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A. A. Turbayne - Monograms and Ciphers, 1912.

A monogram is a combination of two or more letters, in which one letter forms part of another and cannot be separated from the whole. A cipher is merely an interlacing or placing together of two or more letters, being in no way dependent for their parts on other of the letters.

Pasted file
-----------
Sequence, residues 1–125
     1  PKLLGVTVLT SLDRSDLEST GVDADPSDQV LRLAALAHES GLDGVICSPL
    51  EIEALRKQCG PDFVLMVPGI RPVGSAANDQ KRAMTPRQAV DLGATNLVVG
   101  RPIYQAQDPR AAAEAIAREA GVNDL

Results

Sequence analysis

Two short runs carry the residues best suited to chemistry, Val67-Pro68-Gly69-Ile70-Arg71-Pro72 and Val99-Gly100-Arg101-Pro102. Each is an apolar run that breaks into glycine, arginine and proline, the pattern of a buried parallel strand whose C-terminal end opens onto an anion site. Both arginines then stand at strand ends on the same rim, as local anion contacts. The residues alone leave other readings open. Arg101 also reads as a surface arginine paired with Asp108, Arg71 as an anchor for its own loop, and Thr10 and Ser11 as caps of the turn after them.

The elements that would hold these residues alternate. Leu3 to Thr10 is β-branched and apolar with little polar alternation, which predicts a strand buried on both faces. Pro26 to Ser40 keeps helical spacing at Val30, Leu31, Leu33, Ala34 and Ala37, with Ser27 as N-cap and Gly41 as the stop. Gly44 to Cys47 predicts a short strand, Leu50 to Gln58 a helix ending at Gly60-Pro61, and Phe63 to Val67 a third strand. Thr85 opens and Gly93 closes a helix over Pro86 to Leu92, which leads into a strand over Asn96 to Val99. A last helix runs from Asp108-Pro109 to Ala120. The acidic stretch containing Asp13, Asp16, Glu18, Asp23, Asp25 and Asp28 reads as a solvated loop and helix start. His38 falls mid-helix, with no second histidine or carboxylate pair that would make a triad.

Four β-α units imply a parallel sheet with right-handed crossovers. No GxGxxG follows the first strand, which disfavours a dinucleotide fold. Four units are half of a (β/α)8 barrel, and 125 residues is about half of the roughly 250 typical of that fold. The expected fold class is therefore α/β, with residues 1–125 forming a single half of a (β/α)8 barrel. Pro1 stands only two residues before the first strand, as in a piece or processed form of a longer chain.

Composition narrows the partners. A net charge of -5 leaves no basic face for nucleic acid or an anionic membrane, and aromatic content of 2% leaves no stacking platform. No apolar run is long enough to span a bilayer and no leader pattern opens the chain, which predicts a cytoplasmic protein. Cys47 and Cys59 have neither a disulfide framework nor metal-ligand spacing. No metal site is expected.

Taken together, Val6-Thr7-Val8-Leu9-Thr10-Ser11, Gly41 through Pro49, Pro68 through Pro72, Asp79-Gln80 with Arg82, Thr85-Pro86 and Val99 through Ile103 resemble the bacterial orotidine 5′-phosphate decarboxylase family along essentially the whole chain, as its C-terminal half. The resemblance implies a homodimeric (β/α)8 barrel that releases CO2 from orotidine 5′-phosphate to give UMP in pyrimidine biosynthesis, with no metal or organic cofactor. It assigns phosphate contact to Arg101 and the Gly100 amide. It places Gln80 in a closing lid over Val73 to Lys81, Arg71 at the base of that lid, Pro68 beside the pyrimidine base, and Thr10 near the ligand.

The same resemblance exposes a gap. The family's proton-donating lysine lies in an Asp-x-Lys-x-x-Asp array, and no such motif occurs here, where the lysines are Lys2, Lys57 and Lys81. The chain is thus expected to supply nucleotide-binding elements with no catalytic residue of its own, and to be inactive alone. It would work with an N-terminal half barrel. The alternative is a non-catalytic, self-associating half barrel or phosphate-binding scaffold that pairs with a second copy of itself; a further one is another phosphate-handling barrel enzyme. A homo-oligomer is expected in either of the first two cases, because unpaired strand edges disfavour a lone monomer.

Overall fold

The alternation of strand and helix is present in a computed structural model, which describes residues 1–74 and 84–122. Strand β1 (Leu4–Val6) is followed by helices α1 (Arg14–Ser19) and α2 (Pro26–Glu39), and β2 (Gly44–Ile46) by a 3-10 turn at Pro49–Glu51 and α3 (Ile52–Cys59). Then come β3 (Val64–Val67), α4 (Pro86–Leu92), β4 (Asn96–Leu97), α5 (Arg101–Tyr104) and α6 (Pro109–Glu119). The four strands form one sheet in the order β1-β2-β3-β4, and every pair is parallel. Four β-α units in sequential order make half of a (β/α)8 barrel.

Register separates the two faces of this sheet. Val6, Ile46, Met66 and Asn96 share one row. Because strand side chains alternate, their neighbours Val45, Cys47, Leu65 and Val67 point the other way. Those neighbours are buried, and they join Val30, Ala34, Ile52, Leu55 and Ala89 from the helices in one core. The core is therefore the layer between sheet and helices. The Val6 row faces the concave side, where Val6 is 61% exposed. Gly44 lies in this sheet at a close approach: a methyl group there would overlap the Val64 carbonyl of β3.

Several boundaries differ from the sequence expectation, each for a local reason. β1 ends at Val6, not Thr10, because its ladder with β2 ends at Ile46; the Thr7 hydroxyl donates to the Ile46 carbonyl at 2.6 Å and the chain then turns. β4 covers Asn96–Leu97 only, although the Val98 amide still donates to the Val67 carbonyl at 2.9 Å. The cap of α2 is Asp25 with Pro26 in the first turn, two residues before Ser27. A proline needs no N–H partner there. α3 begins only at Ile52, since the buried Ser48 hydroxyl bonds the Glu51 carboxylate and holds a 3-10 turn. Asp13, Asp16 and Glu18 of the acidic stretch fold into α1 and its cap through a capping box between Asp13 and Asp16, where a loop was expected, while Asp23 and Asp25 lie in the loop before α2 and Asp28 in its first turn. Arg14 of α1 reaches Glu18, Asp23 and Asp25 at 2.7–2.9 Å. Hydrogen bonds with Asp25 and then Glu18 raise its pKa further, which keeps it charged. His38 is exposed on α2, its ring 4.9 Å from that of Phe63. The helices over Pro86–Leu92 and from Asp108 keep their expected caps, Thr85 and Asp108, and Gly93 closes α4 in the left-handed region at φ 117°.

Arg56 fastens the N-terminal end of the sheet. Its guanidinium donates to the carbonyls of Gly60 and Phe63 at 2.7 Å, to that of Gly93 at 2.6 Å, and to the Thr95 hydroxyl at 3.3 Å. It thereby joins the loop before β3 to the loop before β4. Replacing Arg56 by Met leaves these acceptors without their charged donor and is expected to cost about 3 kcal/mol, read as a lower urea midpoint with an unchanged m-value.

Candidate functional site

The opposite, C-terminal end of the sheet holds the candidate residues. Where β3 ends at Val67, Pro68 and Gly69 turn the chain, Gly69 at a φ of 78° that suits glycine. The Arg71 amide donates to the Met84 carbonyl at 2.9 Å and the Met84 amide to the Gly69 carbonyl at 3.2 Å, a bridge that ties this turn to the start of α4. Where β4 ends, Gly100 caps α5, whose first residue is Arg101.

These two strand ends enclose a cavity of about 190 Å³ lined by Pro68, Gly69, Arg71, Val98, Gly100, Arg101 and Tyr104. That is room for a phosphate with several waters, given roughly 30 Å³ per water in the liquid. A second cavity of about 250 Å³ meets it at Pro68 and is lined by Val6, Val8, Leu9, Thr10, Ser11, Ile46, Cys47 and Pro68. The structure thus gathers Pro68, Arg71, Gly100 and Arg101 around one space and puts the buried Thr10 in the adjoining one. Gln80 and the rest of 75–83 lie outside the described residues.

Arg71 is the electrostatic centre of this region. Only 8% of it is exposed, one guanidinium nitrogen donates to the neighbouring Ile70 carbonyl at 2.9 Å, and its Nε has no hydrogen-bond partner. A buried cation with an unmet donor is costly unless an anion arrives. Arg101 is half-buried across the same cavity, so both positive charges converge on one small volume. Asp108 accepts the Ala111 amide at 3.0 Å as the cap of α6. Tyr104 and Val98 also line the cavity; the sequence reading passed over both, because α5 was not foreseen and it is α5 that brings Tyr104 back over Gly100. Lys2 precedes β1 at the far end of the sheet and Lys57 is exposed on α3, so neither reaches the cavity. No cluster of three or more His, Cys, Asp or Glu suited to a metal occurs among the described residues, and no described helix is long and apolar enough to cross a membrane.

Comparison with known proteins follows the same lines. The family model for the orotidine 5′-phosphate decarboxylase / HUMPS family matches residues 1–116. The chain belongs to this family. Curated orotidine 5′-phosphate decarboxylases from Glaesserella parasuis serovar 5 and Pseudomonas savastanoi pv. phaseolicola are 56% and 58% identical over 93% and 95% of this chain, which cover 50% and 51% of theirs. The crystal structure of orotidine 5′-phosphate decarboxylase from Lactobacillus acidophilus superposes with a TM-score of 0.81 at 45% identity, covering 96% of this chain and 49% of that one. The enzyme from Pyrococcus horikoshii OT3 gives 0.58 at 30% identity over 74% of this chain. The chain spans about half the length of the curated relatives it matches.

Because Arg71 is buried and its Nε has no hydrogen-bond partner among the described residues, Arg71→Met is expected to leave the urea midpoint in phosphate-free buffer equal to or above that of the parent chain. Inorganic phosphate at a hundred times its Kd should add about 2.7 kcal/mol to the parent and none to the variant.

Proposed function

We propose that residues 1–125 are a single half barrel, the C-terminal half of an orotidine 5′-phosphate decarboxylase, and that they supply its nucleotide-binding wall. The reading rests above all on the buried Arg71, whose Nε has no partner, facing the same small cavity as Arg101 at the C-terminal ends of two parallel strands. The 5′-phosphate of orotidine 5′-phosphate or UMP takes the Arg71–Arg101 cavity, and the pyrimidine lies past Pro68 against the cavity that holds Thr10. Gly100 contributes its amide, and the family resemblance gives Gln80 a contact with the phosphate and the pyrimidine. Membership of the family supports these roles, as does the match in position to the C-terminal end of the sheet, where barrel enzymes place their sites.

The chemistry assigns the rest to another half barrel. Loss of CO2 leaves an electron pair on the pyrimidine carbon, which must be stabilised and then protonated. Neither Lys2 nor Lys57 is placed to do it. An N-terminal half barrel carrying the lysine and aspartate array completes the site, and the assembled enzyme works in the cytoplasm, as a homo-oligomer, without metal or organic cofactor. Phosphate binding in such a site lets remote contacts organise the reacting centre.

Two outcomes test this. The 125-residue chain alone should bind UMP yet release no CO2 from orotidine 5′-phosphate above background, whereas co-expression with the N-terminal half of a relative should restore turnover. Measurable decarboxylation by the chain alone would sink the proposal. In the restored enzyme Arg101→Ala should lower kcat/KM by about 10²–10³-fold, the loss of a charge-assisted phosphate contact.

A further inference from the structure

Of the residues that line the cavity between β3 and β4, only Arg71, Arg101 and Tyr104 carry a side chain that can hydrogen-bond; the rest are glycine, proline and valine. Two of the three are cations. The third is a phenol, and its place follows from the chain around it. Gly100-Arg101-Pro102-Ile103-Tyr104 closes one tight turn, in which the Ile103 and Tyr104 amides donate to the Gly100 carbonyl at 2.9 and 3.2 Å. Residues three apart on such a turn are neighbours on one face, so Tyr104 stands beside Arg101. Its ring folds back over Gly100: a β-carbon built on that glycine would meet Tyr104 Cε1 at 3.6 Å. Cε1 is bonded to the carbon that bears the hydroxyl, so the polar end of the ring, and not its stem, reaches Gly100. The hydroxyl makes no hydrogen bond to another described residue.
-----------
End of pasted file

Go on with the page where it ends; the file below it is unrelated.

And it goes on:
The styles included may be classed under five principal heads - Roman, Gothic, Sans Serif, Cursive or Running, and what we might call Rustic. Here and there throughout the work a design will be found that may suggest a treatment for some particular device. There are three principal forms of treating a device; the Imposed, Extended, and the Continuous forms. By the Imposed form we mean a design where the letters are written or interlaced directly over one another. In the Extended form the letters are interlaced or written side by side, and in the Continuous form the device runs from beginning to end without a break.